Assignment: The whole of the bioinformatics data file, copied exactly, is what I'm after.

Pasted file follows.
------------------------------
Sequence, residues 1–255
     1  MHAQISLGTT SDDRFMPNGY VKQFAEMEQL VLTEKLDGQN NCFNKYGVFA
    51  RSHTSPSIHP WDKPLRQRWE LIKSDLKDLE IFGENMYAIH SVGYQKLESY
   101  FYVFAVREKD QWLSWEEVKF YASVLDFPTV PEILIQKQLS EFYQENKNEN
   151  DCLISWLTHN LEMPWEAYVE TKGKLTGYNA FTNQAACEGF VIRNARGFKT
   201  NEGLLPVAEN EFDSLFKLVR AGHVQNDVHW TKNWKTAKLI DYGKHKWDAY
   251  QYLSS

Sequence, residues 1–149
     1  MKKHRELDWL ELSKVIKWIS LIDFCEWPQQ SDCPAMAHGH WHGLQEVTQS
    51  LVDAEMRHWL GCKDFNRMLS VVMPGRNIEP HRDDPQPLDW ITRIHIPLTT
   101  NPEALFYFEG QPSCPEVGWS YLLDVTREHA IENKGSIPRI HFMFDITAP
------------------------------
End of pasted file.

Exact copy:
Sequence, residues 1–255
     1  MHAQISLGTT SDDRFMPNGY VKQFAEMEQL VLTEKLDGQN NCFNKYGVFA
    51  RSHTSPSIHP WDKPLRQRWE LIKSDLKDLE IFGENMYAIH SVGYQKLESY
   101  FYVFAVREKD QWLSWEEVKF YASVLDFPTV PEILIQKQLS EFYQENKNEN
   151  DCLISWLTHN LEMPWEAYVE TKGKLTGYNA FTNQAACEGF VIRNARGFKT
   201  NEGLLPVAEN EFDSLFKLVR AGHVQNDVHW TKNWKTAKLI DYGKHKWDAY
   251  QYLSS

Sequence, residues 1–149
     1  MKKHRELDWL ELSKVIKWIS LIDFCEWPQQ SDCPAMAHGH WHGLQEVTQS
    51  LVDAEMRHWL GCKDFNRMLS VVMPGRNIEP HRDDPQPLDW ITRIHIPLTT
   101  NPEALFYFEG QPSCPEVGWS YLLDVTREHA IENKGSIPRI HFMFDITAP